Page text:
You have been arrested and the judge has set your bail. You are ready to post bail and get out of jail, but the district attorney and the judge say you have to undergo another hearing first. What is going on?
You might be experiencing a Nebbia hold. Essentially, prosecutors in Pennsylvania can ask judges to impose a Nebbia order when they want to verify the source of your bail money. In other words, a Nebbia order requires you to disclose the source of the money used to post bail. This is most often the case when charges involve more serious drug crimes as well as financial crimes. Then your defense attorney must file a motion to lift the Nebbia order, and the judge will schedule a hearing on the matter.
History of Nebbia orders
The term “Nebbia order” comes from a 1966 federal appeals ruling that held that federal judges in criminal cases have the power to inquire into the source of bail funds as part of their interest in ensuring that the defendant will show up for future court appearances. Since then, prosecutors and judges in several states have adopted the Nebbia hold power to delay or deny the posting of bail, including in Pennsylvania.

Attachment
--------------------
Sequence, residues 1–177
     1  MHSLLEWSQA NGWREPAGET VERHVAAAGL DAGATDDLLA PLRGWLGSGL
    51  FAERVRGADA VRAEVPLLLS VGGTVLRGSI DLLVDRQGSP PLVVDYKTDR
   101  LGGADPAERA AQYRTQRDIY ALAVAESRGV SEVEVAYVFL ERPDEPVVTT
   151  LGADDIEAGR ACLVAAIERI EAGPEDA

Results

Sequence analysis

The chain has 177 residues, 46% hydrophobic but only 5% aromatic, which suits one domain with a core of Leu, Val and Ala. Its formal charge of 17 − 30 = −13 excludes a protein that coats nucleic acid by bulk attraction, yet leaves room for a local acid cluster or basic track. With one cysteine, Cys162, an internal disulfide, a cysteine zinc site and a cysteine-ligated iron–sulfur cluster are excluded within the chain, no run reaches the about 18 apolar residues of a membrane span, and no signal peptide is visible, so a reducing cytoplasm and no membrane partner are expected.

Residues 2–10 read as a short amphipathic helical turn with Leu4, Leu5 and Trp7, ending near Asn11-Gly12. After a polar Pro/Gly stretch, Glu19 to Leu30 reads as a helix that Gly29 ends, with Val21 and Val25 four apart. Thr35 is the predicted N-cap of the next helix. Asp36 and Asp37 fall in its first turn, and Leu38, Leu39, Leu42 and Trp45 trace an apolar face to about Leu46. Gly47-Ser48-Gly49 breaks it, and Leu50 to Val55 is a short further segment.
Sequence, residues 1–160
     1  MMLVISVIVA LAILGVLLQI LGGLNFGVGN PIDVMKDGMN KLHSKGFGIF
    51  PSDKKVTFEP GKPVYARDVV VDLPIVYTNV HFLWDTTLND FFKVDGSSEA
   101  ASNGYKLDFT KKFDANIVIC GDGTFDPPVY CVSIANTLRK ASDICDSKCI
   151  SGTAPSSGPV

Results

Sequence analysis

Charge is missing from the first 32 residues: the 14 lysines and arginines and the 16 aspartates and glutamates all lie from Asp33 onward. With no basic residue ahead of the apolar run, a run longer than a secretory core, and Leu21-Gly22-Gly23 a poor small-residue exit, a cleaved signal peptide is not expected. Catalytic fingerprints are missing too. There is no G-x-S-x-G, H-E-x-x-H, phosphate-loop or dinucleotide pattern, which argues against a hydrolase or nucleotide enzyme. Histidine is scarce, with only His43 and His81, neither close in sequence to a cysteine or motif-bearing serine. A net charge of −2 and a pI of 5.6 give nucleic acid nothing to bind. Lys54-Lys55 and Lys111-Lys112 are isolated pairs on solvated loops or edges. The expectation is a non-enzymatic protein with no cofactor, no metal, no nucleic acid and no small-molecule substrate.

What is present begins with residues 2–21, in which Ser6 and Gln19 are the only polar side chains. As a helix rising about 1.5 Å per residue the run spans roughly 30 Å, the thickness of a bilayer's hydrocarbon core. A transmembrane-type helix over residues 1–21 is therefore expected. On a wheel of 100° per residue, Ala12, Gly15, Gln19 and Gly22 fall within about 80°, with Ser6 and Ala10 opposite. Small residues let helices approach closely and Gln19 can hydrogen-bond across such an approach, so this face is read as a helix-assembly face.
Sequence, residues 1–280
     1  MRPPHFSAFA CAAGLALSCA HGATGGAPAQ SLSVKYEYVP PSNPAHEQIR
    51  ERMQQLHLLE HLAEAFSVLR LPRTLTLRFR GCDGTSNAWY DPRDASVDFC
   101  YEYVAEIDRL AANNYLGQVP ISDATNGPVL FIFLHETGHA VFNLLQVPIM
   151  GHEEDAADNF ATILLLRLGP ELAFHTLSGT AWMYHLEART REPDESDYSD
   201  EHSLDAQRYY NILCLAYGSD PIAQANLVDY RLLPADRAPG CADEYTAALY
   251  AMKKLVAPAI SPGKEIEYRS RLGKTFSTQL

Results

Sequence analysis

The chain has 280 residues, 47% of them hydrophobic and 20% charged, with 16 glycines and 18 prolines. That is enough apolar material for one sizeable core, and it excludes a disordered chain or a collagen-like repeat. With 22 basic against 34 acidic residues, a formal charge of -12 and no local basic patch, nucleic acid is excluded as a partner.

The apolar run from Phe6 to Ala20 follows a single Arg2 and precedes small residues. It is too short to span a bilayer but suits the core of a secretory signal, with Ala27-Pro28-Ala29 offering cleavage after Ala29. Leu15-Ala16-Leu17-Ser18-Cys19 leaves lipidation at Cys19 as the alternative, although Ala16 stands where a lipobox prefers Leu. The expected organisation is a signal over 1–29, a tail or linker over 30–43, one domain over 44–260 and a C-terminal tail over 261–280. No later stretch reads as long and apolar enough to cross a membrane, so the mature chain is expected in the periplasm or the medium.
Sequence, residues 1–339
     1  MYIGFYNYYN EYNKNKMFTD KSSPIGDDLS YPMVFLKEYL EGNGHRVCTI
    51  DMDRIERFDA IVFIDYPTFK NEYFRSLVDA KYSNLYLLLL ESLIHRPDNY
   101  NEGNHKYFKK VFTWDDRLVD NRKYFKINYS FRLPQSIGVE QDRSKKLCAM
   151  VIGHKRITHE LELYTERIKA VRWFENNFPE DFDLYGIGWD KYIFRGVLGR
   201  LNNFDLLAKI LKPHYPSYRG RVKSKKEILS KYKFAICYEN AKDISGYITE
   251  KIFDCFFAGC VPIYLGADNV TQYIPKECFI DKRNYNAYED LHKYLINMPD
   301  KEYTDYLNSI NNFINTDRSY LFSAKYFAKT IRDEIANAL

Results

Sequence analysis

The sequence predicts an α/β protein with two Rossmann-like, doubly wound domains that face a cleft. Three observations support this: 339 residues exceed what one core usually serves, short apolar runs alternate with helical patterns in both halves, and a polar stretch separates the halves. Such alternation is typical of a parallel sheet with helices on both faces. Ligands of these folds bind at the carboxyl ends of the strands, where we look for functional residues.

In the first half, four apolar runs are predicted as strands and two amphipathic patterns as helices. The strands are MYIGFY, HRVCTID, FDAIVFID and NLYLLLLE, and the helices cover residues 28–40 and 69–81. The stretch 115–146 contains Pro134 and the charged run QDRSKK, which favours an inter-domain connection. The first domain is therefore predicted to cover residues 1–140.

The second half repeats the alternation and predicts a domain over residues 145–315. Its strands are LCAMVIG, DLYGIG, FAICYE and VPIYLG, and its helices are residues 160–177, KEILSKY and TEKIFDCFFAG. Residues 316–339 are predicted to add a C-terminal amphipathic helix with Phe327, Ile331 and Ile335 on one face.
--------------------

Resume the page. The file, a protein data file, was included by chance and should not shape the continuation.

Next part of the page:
The problem with a Nebbia order is that it can significantly delay how long you spend in jail. Nobody wants to stay in jail any longer than they have to. But you will have to wait there at least until the hearing, where your defense attorney will present evidence that the money being posted is from a legitimate and court-approved source, and not connected to a crime. If you are going through a bail bond company, that could be as simple as an employee of the company presenting documentation vouching for the source of the funds and the company’s ability to post the full amount.
Why having a defense lawyer matters
Things like Nebbia orders are the types of complications that a good defense attorney can help you confront. You need the assistance of someone who knows the system inside and out, and will fight for your rights. An attorney can help you swiftly file a motion to lift the Nebbia order to move the process along as efficiently as possible.